Author(s): Smith Y, Kieval J, Couceyro PR, Kuhar MJ
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Abstract Cocaine- and amphetamine-regulated transcript (CART) is a novel mRNA whose level of expression was found to be increased in the striatum after acute administration of psychomotor stimulants in rats. To define better the potential role of CART peptides in behavioural and physiologic changes induced by psychomotor stimulants, we analyzed the distribution, ultrastructural features, synaptic connectivity, and transmitter content of CART peptide-immunoreactive neurones in the nucleus accumbens in monkeys. Medium-sized CART peptide-immunoreactive neurones within a rich plexus of labelled varicosities were found mostly in the medial division of the shell of the nucleus accumbens in monkeys. At the electron microscope level, CART peptide immunoreactivity was exclusively associated with neuronal structures that included perikarya, dendrites, spines as well as nerve terminals packed with electron-lucent and dense-core vesicles. Most CART peptide-containing somata displayed the ultrastructural features of striatal output neurones. The majority of labelled terminals formed symmetric axodendritic synapses and displayed gamma-aminobutyric acid (GABA) immunoreactivity. CART peptide-immunoreactive somata were not immunoreactive for parvalbumin and somatostatin, two markers of striatal interneurones, nor for calbindin D-28k, a marker of a subpopulation of projection neurones. In double-immunostained sections, CART peptide-immunoreactive dendrites were found to be contacted by tyrosine hydroxylase-positive terminals which displayed the ultrastructural features of dopamine-containing boutons. These findings strongly suggest that CART peptides may be a cotransmitter with GABA in a subpopulation of projection neurones in the monkey accumbens. Furthermore, the fact that CART peptide-immunoreactive neurones receive direct synaptic inputs from dopaminergic afferents and are particularly abundant in the caudomedial division of the shell of the nucleus accumbens suggest that CART peptides might be involved in neuronal and behavioural changes that underlie addiction to psychomotor stimulants and feeding in primates.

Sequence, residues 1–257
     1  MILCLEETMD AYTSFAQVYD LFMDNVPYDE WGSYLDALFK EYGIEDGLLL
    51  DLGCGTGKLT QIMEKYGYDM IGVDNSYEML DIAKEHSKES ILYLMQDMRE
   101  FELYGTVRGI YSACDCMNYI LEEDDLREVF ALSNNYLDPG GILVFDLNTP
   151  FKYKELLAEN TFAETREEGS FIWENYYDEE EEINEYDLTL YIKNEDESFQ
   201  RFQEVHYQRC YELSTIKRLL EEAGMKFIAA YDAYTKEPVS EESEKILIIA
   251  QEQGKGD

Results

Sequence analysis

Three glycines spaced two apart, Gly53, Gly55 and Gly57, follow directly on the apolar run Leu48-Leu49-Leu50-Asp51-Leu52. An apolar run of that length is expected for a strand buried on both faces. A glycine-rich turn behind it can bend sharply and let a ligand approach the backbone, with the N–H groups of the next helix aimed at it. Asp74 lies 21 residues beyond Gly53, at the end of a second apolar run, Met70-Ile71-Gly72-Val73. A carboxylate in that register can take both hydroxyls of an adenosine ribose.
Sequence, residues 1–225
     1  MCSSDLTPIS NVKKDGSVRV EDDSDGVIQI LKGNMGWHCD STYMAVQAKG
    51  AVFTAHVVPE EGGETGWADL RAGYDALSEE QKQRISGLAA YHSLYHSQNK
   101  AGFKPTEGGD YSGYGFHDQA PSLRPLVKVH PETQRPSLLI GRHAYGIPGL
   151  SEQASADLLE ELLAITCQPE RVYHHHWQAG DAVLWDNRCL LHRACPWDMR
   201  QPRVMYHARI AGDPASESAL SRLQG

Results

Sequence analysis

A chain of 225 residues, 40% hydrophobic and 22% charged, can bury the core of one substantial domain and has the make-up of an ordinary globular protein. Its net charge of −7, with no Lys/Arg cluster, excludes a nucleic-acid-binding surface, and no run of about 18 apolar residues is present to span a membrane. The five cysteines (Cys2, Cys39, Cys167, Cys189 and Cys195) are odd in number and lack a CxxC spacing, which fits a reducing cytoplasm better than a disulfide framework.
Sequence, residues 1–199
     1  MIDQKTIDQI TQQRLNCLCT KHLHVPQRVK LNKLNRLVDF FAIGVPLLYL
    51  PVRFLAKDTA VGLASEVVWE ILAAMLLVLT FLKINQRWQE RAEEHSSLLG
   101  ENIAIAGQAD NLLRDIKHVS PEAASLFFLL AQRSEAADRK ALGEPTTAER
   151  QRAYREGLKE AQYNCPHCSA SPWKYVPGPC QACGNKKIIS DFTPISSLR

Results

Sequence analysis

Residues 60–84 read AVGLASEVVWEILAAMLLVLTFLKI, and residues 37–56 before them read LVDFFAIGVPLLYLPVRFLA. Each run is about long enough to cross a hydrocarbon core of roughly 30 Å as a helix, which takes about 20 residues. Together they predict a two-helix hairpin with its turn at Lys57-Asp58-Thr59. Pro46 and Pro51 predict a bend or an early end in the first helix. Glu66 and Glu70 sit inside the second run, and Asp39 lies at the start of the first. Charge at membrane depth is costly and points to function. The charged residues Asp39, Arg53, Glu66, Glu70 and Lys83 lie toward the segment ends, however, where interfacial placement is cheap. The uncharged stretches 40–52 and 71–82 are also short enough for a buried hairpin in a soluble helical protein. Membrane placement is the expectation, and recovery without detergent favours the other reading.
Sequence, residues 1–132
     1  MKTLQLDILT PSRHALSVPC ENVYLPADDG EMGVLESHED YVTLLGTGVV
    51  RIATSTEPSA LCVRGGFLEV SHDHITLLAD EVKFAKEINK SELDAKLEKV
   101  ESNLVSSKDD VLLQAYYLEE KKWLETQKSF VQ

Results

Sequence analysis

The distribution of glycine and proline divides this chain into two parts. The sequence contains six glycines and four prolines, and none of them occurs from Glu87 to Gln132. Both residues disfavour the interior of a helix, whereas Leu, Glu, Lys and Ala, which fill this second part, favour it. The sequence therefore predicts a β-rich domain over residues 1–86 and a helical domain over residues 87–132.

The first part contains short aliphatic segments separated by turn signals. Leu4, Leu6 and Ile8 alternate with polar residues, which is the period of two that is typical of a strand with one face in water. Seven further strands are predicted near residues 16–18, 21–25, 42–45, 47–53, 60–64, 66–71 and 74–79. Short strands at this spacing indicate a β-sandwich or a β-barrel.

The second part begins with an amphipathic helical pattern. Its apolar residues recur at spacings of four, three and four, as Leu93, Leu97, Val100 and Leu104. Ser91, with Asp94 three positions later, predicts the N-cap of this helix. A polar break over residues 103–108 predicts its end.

This article was published in J Comp Neurol
and referenced in Journal of Addiction Research & Therapy